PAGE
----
In the end, she barely had time to set the engineered bacteria loose on a sample of dinosaur-derived protein in a sealed petri dish to monitor potential waste gasses. And, beautifully, rewardingly—there were none.

She created a small display showing the dish connected to the microchromatograph readout that showed gaseous by-products (or lack thereof, in this case) along with a second setup that showed how normal human bacteria failed to work in the same fashion. The title along the top read "Complete Metabolization of Indigenous Animal Protein by Genetically Modified Human Gut Flora."

The day of the fair arrived. Her dad was proud of her in that head-shaking way of his, not really understanding the minutiae of her project but certainly appreciating the difficulty involved; her mother had a more nuanced and thus more appreciative view (though she had forbidden Maddy to actually ingest the modified bacteria until it had been thoroughly tested.) But Maddy knew it would work.

When the judging panel arrived, Dr. Wallace asked some questions about her method that he already knew the answers to, presumably for the benefit of the other judges. The other judges quizzed her on her method—why an oviraptor, how she'd isolated the genes responsible, how she'd controlled for the effectiveness of her modified strain—but then one final judge, not one of the research scientists but rather one of the agricultural team leads, a woman in her fifties whose name tag read "Ann Clayborne", threw her a curveball.

"Did you consider the ethics of introducing genetically modified organisms into an otherwise pristine ecosystem?"

Maddy felt herself blush at the accusation implicit in the statement. She paused before answering, to try to compose her thoughts. "Well, um... yes, I mean... you definitely have to be careful with genetic modifications, but I think mine are rather benign..." No, no, she cursed at herself. Don't make excuses.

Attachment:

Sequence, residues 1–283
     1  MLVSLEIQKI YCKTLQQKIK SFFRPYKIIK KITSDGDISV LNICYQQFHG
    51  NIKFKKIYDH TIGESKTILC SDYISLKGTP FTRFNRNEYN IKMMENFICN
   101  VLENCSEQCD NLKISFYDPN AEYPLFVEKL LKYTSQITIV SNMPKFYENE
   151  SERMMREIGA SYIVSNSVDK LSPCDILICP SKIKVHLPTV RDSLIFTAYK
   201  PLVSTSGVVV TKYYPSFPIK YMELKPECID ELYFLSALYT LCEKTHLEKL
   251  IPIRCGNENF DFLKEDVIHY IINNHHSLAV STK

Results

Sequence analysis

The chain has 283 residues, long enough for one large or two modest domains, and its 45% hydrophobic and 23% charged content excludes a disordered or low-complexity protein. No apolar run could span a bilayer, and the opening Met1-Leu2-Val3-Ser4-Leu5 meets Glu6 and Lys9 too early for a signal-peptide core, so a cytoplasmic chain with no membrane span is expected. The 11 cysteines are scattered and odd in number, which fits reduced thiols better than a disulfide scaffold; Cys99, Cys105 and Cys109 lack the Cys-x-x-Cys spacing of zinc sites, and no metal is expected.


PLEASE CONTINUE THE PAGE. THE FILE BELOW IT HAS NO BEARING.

She cleared her throat. "Sorry, can I start over?" she asked a little sheepishly.

Clayborne favored Maddy with a skeptical nod.

Maddy took a deep breath. "In my opinion, it's silly to split hairs over the ethics of genetically modified microorganisms when we all live in the most invasive and un-natural colony imaginable. We've already modified the environment. We've already introduced hundreds of invasive species including the one we're here to preserve: us." She paused for a moment before gesturing to her display. "Everyone talks about how it's important for humanity to avoid the mistakes of the past. But we're the same species who ruined our home. There's nothing special about us, here, now. The people of Terra Nova are just lucky—lucky enough to win a lottery, or be in the right scientific field at the right time, or be children of the right person. And if we're not going to do to this new world what we did to our own, we have to... change ourselves. We can't be apart from this world, we have to be a part of it. But we don't have the luxury of letting millions of years of evolution do that for us. We have to do it ourselves, as fast as we can."

She paused.

"So we might as well start."




In honor Maddy's first-place-winning science fair project, Elisabeth threw a modest celebratory dinner. In addition to the entire Shannon family, Mark was there, and Dr. Wallace, and even Skye, who Maddy suspected Josh had invited just so he'd have someone with whom to postprandially abscond, but whatever kept his sneer to a minimum was okay by Maddy, and anyway she liked Skye well enough.

"So we're gonna get to have dino-burgers now, right?" asked Mark.

"Not until we finish clinical trials of the bacteria strain," said Elisabeth, before Maddy could retort.

Maddy took the bait nonetheless, emboldened by her victory. "And anyway, I didn't do this just so we could... roast brachiosaur legs over a giant bonfire and feel like masters of the prehistoric universe. I really meant what I said at the fair."

"Idealism plus research—that's a potent combination," said Dr. Wallace. "Any idea what's next for Maddy Shannon, prize-winning scientist?"

She thought about it for moment as she chewed a bite of salad. "There are so many problems to think about. Not just scientific and technological, but sociological and cultural ones, too. There are so many things we have to start doing differently."

"Like what?" asked her father.

Maddy pursed her lips. "Like... I don't think people are having enough babies."

She was greeted by a sort of stunned silence.

"What? I'm just saying."